February 20, 2006
Films about the wars in Afghanistan and Iraq continue to be hard sell with American audiences. Perhaps it is because we are still living through them, still experiencing loved ones coming home from the Middle East maimed, scarred or dead. Nobody wants to be reminded of the futility of these endeavors despite some very good films that have either dealt with what soldiers go through over there (The Hurt Locker) or what happens to them and their families when t hey come home (Brothers). Return (2011) is an independent film that falls in the latter category and stars Linda Cardellini, a talented actress best known for her roles on television shows like Freaks and Geeks and ER, and films like Scooby-Doo (2002).
She plays Kelli, an American reservist that has recently returned from a tour of duty. We meet her as she is joyfully reunited with her husband Mike (Shannon) and their two daughters at the airport. She hangs out with family and friends acclimatizing herself to being back home. Everything seems fine as she goes about daily activities, like going shopping, seeing her daughter’s cheerleading practice and working at her factory job. In these scenes, director Liza Johnson does a nice job of capturing small-town life, like how Kelli’s girlfriends gossip about their neighbors or how little kids play with each other. Her matter-of-fact direction adds to the authenticity of these scenes.
It soon becomes apparent that Mike and Kelli’s girlfriends are walking on eggshells around her. They appear to interact with her like always but every so often one of them cautiously asks Kelli about her tour of duty over there or how she’s holding up. Gradually, the cracks in her well-being start to show, like how she sleeps with her kids and not her husband or how she abruptly quits her job in the middle of a shift. Kelli becomes increasingly distant from her husband and her friends. After the things she saw and experienced over there, the humdrum routine of life back home must seem oddly inconsequential. Kelli struggles to find a purpose in life.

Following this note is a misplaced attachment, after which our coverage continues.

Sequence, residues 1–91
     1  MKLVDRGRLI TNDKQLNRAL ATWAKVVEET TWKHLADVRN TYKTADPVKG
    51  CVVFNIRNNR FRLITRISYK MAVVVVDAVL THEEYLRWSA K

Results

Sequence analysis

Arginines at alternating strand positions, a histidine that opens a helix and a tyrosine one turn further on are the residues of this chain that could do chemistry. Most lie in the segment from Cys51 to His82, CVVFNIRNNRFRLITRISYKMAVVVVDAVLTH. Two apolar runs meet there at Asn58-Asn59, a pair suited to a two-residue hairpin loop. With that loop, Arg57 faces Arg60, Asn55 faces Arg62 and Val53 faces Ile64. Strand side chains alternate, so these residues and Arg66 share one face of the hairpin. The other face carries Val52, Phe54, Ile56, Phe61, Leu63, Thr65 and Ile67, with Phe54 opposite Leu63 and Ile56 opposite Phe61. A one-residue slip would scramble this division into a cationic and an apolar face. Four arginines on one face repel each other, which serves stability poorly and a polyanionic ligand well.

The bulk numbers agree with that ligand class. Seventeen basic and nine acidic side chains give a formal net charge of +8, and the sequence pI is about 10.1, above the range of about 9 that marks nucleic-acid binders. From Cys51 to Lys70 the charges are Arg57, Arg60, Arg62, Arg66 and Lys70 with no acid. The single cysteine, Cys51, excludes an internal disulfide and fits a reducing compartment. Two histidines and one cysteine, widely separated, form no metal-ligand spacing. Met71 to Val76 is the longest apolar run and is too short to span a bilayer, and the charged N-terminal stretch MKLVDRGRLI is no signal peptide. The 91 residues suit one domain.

Linda Cardellini delivers a solid performance devoid of vanity, playing a flawed character. Throughout Return she appears to wear little to no makeup, which only adds to the authenticity of what Kelli is going through. Johnson doesn’t draw attention to this and Cardellini doesn’t play it up and this results in a wonderfully earthy performance. At times, she delivers heartbreaking moments, like the scene where Kelli finds out she’s going back into service and we see her shattered emotions play over Cardellini’s face.
Return is a nicely understated and moving character-driven film about something that you won’t see on the news – how the wars in the Middle East affect those who serve in our armed forces and how it affects them when they come back home. There are the obvious signs of damage with physical wounds that you can see, but it is the ones you can’t – the stress and mental trauma – that make it difficult for some soldiers to reintegrate back into their home lives. This is Johnson’s feature film debut and it is a strong one where she refuses to judge her characters, instead presenting them warts and all with a refreshing honesty that makes it compelling to watch.
Return can currently be seen on VOD and will be released soon on DVD.